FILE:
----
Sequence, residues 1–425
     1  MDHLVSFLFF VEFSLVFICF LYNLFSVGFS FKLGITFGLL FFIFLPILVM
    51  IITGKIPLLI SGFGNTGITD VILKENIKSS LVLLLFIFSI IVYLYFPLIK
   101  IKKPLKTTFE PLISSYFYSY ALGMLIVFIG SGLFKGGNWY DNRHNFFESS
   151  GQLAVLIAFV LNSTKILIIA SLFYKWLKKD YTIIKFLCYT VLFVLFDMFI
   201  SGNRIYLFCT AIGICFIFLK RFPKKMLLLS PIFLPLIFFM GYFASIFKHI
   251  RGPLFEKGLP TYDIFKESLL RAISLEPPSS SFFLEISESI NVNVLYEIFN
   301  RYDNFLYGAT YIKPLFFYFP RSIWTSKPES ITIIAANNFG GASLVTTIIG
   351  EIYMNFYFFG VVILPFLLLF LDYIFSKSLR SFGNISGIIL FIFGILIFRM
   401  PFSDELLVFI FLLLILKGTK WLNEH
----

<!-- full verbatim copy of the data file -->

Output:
Sequence, residues 1–425
     1  MDHLVSFLFF VEFSLVFICF LYNLFSVGFS FKLGITFGLL FFIFLPILVM
    51  IITGKIPLLI SGFGNTGITD VILKENIKSS LVLLLFIFSI IVYLYFPLIK
   101  IKKPLKTTFE PLISSYFYSY ALGMLIVFIG SGLFKGGNWY DNRHNFFESS
   151  GQLAVLIAFV LNSTKILIIA SLFYKWLKKD YTIIKFLCYT VLFVLFDMFI
   201  SGNRIYLFCT AIGICFIFLK RFPKKMLLLS PIFLPLIFFM GYFASIFKHI
   251  RGPLFEKGLP TYDIFKESLL RAISLEPPSS SFFLEISESI NVNVLYEIFN
   301  RYDNFLYGAT YIKPLFFYFP RSIWTSKPES ITIIAANNFG GASLVTTIIG
   351  EIYMNFYFFG VVILPFLLLF LDYIFSKSLR SFGNISGIIL FIFGILIFRM
   401  PFSDELLVFI FLLLILKGTK WLNEH